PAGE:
Sunday, August 26, 2012

The Homecoming of Samuel Lake by Jenny Wingfield
At the end of a 1,200 mile odyssey and leaving my oldest daughter a couple of states away from home, I was in no shape to sit calmly in an airport, waiting for my flight to be called.   So...what better way to cheer myself up than to buy a book?!  My need for mysteries had been sated this summer, so what next?  As I browsed through the books, I would pull up the Amazon reviews and see what others thought.  This novel by Jenny Wingfield, her first after a couple of screenplays, caught my eye.  When I read the reviews (five stars across the board), I figured why not?  I was expecting a simple, country tale, not much of a barn-burner.  Quite frankly, I was rather shocked at how much I loved this book.  It takes place back in the 1950's, when parents didn't provide the constant 'hovering' of their helicopter rotors and kids could be just that, kids.  No organized club sports, families ate dinner together, and pretending to be cowboys and indians wasn't seen as politically incorrect.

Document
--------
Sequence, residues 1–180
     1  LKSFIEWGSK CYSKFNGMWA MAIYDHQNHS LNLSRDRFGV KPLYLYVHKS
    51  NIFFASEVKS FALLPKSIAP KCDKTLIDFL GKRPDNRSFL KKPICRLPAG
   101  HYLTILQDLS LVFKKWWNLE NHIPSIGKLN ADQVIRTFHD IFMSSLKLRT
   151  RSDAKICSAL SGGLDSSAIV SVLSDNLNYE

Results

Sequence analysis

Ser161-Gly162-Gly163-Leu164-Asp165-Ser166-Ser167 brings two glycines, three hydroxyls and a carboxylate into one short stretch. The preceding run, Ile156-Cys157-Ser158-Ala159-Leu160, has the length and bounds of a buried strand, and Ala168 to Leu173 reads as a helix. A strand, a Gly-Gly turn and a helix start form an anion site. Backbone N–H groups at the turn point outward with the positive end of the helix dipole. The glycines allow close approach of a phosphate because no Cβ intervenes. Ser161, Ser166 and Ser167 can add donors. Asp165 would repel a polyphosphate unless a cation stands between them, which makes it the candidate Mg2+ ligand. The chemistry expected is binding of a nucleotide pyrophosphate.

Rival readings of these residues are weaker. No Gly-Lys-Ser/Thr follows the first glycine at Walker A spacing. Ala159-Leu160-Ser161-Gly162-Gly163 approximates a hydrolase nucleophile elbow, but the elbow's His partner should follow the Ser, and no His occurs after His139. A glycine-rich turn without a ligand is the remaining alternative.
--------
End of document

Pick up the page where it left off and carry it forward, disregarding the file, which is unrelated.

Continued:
The plot revolves around the quirky, painfully honest Moses family, whose daughter Willadee married a preacher man named Samuel Lake.  Due to his refusal to pull punches with congregations, Sam gets a new church each year and this year, none at all so he's moved the family back to Arkansas to the Moses family farm.  This loving couple has three loud, boisterous, delightful children, with the girl Swan (yep, she's named Swan Lake!!) as one of the coolest kids I've read about in awhile.  There's a sister-in-law who's still in love with Sam, an uncle who's killed a man and lost his leg in the war, a grandmother who's trying to recover from her husband's suicide and has more wisdom in her little pinkie than the rest of the county, the abused child who blossoms with a little bit of love, and of course the stereotypical bad neighbor who beats his wife, children, and animals.  However, there's just something about the writing and the story that Wingfield is able to draw her audience in, not wanting to leave this community each night when you should be closing the book, but yes, you keep on reading until well past midnight.  It's not all sunshine and roses - there's some hard parts of the story that involve children - but it is a beautifully told story of family, faith, redemption, and occasional justice.

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